Protestantism in Latin America

It has long been believed that Protestantism “is a sort of Trojan Horse, whose ultimate purpose is to eclipse and replace local culture while extending the cultural hegemony of the United States” (Jose Leonardo Santos, Evangelical Conversion, 2008, p. 83). According to J. Lloyd Mecham (Church and State in Latin America, 1966, p. 336), “Protestants are charged with being the advance-guard of American imperialism, who operate with immense reserves of United States gold. The United States thus is identified with Protestantism and is attacked along with it. After Costa Rica entered World War II on the side of the United States, Archbishop Victor Manuel Sanabria y Martínez lamented: ‘Proselyting Protestant propaganda is an instrument of subjection and imperialism…. If the North American political protectorate is injurious to our Hispanic and Latin political tradition, the religious protectorate is doubly injurious.'” The U.S. always brings “invasion of the sects” with it [1; 2; 3].

But it also has a benefit for non-American actors: leaving Protestantism as “a ‘safer’ option” is a potent weapon in conflict with the number-one defender of human rights, the Church. The Catholic is called to fight injustice, while the Protestant is promised an easier life. A bishop said that, for middle- and upper-class people, the Church became “an enemy because of its defense of human rights” while “the evangelical churches [were] silent — a position more acceptable to them” [1; 2], and there were defections in past decades because of this.

In El Salvador, Protestants as a whole did not suffer “the intense repression directed towards progressive Catholics. Some Catholics interpret the evangelicals’ perceived good fortune as indicative not of divine approval but of the wrongness of their religious beliefs and practice.” Not long ago, it was claimed that Evangelical pastors received kickbacks from government; interestingly, they also have a high standing in gang culture [1; 2].

The example of conversion to a sober or otherwise ‘successful’ life has been a powerful magnet” for Protestants in Guatemala. According to Thomas Joseph Metallo (The Sword of the Spirit, 1998), converts to Protestantism “sold their souls for tin roofing” after the 1976 earthquake (p. 279-281). “…[E]vangelical membership was one of the means by which individuals could climb socially and overcome the problems of urban life” (p. 348). Official government support had been given to Protestant missionaries — which were supported by Americans and Britons (p. 239-240) — “to weaken the secular power of the Roman Catholic Church” (p. 291-294). The Church was “the most retarding to [Liberals’] program of development” (p. 232). Protestants said that they were on the side of democracy and that Catholics were on the side of autocracy, because of their theologies (p. 318-319). (Thomas Jefferson wrote that “the priest…is always in alliance with the Despot”. Yet often unspoken of is “evangelicals’ historical support for military regimes”.) Priests “charged, with considerable truth, that the anticlerical laws were more rigidly enforced against Catholics than against Protestants” (Mecham, p. 322).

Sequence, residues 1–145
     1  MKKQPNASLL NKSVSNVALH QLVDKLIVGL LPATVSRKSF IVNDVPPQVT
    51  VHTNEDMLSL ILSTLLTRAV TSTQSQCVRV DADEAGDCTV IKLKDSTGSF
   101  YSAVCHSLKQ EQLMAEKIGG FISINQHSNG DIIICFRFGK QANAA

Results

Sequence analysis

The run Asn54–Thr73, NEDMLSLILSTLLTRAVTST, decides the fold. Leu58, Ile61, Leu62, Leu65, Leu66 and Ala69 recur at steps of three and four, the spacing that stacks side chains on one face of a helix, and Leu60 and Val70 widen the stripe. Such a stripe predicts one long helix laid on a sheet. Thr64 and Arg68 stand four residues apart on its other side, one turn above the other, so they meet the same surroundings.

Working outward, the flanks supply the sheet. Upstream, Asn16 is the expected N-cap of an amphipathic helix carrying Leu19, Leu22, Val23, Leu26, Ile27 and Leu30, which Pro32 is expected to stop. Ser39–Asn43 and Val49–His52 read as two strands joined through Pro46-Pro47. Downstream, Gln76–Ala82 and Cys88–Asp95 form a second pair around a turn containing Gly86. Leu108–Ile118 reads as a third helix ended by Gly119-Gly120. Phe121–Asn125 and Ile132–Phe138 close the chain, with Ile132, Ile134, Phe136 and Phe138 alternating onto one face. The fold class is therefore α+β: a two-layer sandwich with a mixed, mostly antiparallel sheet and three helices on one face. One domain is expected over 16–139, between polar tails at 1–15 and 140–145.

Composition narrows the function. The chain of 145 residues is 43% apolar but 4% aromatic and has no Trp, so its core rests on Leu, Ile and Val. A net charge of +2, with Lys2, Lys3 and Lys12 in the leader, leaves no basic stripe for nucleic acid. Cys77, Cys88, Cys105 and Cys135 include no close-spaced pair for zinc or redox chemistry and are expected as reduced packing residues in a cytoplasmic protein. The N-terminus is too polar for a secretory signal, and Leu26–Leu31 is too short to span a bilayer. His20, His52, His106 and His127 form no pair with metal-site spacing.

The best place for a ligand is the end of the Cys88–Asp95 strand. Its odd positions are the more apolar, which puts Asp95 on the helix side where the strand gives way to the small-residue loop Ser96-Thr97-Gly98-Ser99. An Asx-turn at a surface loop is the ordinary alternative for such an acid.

“To aid Evangelical missionary work, the Paraguayan government passed a law in 1909 to facilitate the establishment of Protestant missions to convert the Indian tribes” (Mecham, p. 199). (This is interesting for two reasons: firstly, because it was done in spite of the Jesuit reductions; secondly, because the U.S. government also sided with Protestants over Catholics in Native American affairs [1; 2].) The Church in Paraguay was further persecuted later in the century, and it took years for the U.S. (an ally of the dictatorship, whose aid “grease[d] the wheel of a vast network of patronage and corruption” and strengthened its military) to do anything about it.

In Bolivia, “many liberals saw Protestantism as progressive and actively encouraged its growth”, and converts have used it “to avoid expending resources on community fiestas” (one writer reports, “evangelical Protestantism and immoral accumulation are associated”). Division has empowered Evo Morales to replace Catholicism with animism as the practical state religion.

In Chile, “Quite quickly Catholic bishops fell out with Pinochet and, as a result, he invited Protestants to work with his government. The Bishop of the Methodist Pentecostal Church (IMP) invited Pinochet to the inauguration of a new cathedral, and in 1975 the IMP took over the traditional role of hosting the Te Deum service.” “The evangelical Te Deum service is held in [the] cathedral each year, and is attended by the president and other political and military leaders”. (Chile also commemorates Martin Luther with a national holiday.)

“In the hope of seeing Protestantism take root and prosper in Venezuela, Guzmán Blanco offered one of the confiscated churches to the Protestants” (Mecham, p. 107). More recently, the government of Venezuela has had strong relations with Protestants and been hostile to the Church [1; 2; 3].

And in Brazil, we are dismayed by the startling power of sects [1; 2]. Their leaders have engaged in predatory, even criminal, behavior [1; 2] (including a kickback scandal), and have campaigned hard for “the lack of respect for our faith“.

Protestants I’ve known have gone on “mission trips” to Ecuador, Nicaragua, Haiti, and Italy. Why do they choose countries with high Catholic populations? Do wolves just think of our flock as easy pickings?

[See also: State vs. Church: Bad Gov’t Hates Catholicism]


Matthew Olson is a student in the Diocese of Little Rock.

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Posted in Historical, Politics

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